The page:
- Logic
- The existence of an actual physical, mind-independent world
- The uniformity of the natural world (no randomness + chance here!)
- The ability of the human mind to understand the natural world
- The belief we can trust our reasoning and sensory abilities, and thus are not deceived
- The belief that there are important criteria that make for a valid hypothesis

Fourth, it is guilty of committing the "nothing-buttery" logical fallacy, which is a reductive fallacy that argues something is nothing more than some mere aspect of it. Common examples include, "the mind is nothing more than the brain" and "thought is nothing more than a chemical reaction."

When I encounter someone who makes this last statement, I always ask them (if they're married or are currently involved with someone), "On special occasions like Valentine's Day, do you look at your partner and say 'Sweetheart, I love you!' or do you say 'Sweetheart, I'm having a chemical reaction!'?"

Such a thing reminds of William J. M. Rankine (a 19th century physicist) and his poem, "The Mathematician in Love":
A mathematician fell madly in love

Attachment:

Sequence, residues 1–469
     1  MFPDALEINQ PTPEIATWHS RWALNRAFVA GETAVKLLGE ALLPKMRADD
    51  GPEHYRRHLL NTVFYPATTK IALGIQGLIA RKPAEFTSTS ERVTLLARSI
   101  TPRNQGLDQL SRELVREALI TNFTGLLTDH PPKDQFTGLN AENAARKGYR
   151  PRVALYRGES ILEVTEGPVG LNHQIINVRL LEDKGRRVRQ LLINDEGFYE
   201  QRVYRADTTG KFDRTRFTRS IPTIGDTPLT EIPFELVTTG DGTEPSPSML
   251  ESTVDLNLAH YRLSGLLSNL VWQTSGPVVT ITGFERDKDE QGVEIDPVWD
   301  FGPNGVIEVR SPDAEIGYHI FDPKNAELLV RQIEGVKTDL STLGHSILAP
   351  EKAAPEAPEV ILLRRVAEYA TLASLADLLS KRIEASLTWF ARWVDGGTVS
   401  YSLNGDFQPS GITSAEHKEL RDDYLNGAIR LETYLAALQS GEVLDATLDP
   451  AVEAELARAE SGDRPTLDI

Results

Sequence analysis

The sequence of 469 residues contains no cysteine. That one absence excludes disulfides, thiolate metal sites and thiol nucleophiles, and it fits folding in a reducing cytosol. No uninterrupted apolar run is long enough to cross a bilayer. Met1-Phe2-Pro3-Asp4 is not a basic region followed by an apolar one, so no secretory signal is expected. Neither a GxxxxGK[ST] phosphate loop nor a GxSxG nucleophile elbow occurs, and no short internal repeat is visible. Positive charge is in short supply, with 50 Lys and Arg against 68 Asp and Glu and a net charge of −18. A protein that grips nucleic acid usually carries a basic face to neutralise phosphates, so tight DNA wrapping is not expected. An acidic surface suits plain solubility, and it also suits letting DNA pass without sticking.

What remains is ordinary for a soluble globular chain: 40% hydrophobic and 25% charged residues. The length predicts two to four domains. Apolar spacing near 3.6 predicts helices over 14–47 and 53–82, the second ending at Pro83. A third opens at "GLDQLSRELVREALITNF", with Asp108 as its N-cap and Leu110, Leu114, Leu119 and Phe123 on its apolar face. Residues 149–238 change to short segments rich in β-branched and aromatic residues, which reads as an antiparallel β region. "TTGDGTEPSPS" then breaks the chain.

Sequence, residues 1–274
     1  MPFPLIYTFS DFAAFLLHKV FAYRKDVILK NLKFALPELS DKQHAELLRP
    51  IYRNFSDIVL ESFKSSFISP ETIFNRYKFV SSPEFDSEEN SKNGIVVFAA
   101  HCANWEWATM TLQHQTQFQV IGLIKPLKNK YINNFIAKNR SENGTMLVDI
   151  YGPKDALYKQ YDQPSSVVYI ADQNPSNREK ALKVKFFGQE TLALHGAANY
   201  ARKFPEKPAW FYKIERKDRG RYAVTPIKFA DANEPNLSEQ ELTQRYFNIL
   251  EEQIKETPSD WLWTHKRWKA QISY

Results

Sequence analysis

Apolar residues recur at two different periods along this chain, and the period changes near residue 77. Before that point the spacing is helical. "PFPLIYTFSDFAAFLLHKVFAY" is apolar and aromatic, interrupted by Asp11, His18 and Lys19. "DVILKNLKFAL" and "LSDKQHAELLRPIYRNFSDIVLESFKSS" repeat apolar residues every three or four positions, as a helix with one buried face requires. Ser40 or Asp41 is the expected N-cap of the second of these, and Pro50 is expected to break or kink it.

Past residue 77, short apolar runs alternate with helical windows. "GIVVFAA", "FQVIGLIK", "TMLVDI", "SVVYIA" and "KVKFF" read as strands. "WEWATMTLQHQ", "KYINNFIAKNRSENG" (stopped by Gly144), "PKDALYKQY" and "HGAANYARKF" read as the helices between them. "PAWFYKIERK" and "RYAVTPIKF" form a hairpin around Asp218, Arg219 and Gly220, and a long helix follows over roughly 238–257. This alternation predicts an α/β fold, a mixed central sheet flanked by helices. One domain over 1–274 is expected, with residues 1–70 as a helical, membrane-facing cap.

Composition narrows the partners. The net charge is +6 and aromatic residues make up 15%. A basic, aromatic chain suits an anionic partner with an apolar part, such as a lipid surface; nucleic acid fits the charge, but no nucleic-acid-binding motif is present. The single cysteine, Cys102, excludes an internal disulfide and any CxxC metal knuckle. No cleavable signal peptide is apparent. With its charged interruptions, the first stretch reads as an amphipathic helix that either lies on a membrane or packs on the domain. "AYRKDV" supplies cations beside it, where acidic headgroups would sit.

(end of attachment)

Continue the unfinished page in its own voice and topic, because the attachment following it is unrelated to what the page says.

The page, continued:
With a lady, young, handsome, and charming:
By angles and ratios harmonic he strove
Her curves and proportions all faultless to prove.
As he scrawled hieroglyphics alarming.

No doubts of the fate of his suit made him pause,
For he proved, to his own satisfaction,
That the fair one returned his affection; — "because,
"As every one knows, by mechanical laws,
"Re-action is equal to action."

"Let x denote beauty, — y, manners well-bred, —
"z, Fortune, — (this last is essential), —
"Let L stand for love" — our philosopher said, —
"Then L is a function of x, y, and z,
"Of the kind which is known as potential."

"Now integrate L with respect to d t,
"(t Standing for time and persuasion);
"Then, between proper limits, 'tis easy to see,
"The definite integral Marriage must be: —
"(A very concise demonstration)."

Said he — "If the wandering course of the moon
"By Algebra can be predicted,
"The female affections must yield to it soon" —
— But the lady ran off with a dashing dragoon,
And left him amazed and afflicted.
So very quickly we see how scientism falls far short of its claim. Now, the thing to keep in mind is that the sometimes-spoken/mostly-unspoken goal of scientism is to deny the reality of the supernatural, but it simply fails. It suffers from far too many limitations and is powerless in its attempt to deny the existence of God.

The atheists and philosophical naturalists who think otherwise may be interested in listening to one of their own champions — Stephen Jay Gould — in his assessment of the situation:
Either half of my colleagues are enormously stupid, or else the science of Darwinism is fully compatible with conventional religious beliefs...Science simply cannot adjudicate the issue of God's possible existence. We neither affirm it nor deny it; we simply can't comment on it as scientists.

Image Credit: geralt; untitled; Creative Commons

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Published 1-7-12